Egypt is barely mentioned in NexGen COIN except, for example, in discussing revolution and upheaval in Libya, and then only briefly (See Chap. 15: Lessons Learned in Libya). Egypt presents an extremely complicated foreign policy story in relation to Syria, Saudi Arabia and the Gulf States, Israel and Gaza, and the rest of the Middle East. Libya was the easier part of the story of Egypt’s relationships to other states in the region because it reflects former army-general Sisi’s commitment to protect Egypt’s security.
Libya and Egypt share a porous 745-mile-long border. Since the fall of Muammar al-Qaddafi’s regime in 2011, Libyan weapons have flooded into Egypt. Sisi and Egyptian security officials understandably have been extremely unhappy about this and other outcomes of the disintegration of Libya, its breakdown of law and order, and the emergence of militant Islamist groups that are thriving in lawless Libya, and even operating training camps in the desert of Derna on the Egypt-Libya border. Muslim Brotherhood members have been seeking refuge from Egyptian security forces in Libya.
It might have been reasonable to expect Egyptian military intervention into Libya. That hasn’t happened for a number of reasons including the preoccupation of Egypt’s military forces with its own domestic jihadist threats in the Sinai and terrorism elsewhere in the Egyptian mainland. Egypt also has been concerned about the safety and status of hundreds of thousands of Egyptian expatriates residing and working in Libya. Furthermore Libya’s ongoing civil war and chaotic political affairs are really messy and unpredictable. More than that, the total focus of Egypt’s security establishment, whether it involves Libyaor Gaza (on its border) or Syria, has been on protecting its borders and domestic stability.
When the car of Egypt’s state prosecutor, General Hisham Barakat, was blown up in Cairo, his assassination intensified existing fears and foreboding in Egypt about a new phase of violence which were reinforced when the Islamic State-affiliated Wilayat Sinai, or “Province of Sinai,” killed dozens of soldiers and policemen in a raid on the town of Sheikh Zuweid the following day. Terrorists in the Province declared allegiance to the Islamic State in November 2014. A special forces operation killed nine members of the Muslim Brotherhood the same day of the Sheikh Zuweid attack. The Brotherhood called on Egyptians to rise up against President al-Sisi to avenge these deaths, further feeding fears of a spiral of violence.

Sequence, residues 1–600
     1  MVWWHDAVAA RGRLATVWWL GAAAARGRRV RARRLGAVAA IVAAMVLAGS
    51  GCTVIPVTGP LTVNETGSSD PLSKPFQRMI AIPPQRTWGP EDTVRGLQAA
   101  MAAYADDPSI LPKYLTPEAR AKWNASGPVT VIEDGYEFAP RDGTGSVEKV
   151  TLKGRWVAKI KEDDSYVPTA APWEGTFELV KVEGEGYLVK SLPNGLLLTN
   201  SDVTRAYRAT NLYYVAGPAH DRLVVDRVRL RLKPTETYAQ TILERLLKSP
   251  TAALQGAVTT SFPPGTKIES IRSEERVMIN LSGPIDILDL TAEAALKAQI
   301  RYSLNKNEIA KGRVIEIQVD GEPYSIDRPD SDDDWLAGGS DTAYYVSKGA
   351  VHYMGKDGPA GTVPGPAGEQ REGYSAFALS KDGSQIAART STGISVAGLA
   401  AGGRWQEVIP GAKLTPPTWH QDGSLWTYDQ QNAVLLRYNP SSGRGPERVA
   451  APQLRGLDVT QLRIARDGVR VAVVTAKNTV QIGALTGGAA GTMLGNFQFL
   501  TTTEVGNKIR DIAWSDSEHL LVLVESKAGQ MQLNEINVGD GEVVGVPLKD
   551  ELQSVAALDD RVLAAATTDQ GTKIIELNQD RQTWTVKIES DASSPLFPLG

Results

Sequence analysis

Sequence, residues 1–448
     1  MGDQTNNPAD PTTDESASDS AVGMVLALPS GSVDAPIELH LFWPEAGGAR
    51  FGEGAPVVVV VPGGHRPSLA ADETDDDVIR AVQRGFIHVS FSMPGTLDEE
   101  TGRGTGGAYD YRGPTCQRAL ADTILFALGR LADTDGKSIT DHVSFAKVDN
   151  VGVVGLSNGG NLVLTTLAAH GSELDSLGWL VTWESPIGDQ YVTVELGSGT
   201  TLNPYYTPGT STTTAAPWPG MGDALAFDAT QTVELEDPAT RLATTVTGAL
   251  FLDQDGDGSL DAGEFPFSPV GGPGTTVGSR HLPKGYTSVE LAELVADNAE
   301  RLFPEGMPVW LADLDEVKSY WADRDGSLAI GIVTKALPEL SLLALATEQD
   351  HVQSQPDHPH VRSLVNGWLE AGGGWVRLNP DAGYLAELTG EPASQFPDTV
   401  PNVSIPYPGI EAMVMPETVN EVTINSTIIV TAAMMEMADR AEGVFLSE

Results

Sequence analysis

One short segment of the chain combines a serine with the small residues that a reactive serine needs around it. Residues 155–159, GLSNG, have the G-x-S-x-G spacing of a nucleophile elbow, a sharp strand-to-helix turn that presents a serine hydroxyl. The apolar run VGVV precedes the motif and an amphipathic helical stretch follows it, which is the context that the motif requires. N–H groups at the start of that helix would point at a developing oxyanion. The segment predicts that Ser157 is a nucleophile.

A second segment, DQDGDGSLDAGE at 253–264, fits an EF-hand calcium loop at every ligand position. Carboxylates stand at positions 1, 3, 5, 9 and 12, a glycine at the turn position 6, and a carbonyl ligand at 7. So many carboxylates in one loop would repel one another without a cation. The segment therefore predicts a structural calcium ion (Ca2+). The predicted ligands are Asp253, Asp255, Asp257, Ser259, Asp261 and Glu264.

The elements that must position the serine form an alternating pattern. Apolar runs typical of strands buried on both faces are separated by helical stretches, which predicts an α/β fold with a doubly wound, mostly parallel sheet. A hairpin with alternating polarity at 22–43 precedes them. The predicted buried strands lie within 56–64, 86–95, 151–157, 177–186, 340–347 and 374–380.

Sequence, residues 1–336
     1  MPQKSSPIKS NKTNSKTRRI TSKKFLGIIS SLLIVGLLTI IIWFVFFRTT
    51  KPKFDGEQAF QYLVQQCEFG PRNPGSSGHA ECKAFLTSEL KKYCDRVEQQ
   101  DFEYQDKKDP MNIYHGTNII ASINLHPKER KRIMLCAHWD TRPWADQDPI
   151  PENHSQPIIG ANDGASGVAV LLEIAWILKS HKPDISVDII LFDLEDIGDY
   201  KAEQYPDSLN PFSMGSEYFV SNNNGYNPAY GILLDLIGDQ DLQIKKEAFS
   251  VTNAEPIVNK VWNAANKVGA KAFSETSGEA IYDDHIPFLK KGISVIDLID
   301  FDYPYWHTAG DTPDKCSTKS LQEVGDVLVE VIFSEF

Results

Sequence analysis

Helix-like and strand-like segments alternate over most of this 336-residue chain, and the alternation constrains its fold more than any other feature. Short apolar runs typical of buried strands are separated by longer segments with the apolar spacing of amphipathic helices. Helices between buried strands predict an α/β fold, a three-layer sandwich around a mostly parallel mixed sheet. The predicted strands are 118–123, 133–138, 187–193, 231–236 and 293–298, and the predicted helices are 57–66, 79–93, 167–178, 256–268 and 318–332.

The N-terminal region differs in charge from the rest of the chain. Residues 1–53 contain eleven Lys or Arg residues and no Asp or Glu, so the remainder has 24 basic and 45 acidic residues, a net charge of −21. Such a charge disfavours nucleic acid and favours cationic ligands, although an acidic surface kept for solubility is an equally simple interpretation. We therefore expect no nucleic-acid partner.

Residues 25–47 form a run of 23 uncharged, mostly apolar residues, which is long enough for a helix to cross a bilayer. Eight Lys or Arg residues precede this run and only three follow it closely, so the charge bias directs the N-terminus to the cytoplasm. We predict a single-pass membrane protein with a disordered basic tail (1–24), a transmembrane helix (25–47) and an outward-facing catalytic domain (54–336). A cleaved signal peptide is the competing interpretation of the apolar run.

Sisi’s raison d’être of security and stability is quite understandable. The question is whether it is being undermined by forces beyond Sisi’s control and by his approach to enforcing security, for example in the Sinai, where violent military repression feeds rather defeats insurgency. Thus far, looking forward, the U.S.’s close security ally in the Middle East has not proven itself to be a reliable counterterrorism partner.
Nor has Egypt proven to be a reliable mediator between Israel and the Palestinians (Egypt borders both Israel and Gaza), especially because of its deep antipathy towards Hamas. Egypt does have credibility with Israel and shares its security concerns and commitments. But Egypt’s concerns about Islamism, terrorism and the looming dark forces of instability feed its hostility towards Hamas. But this is another story for another blog post.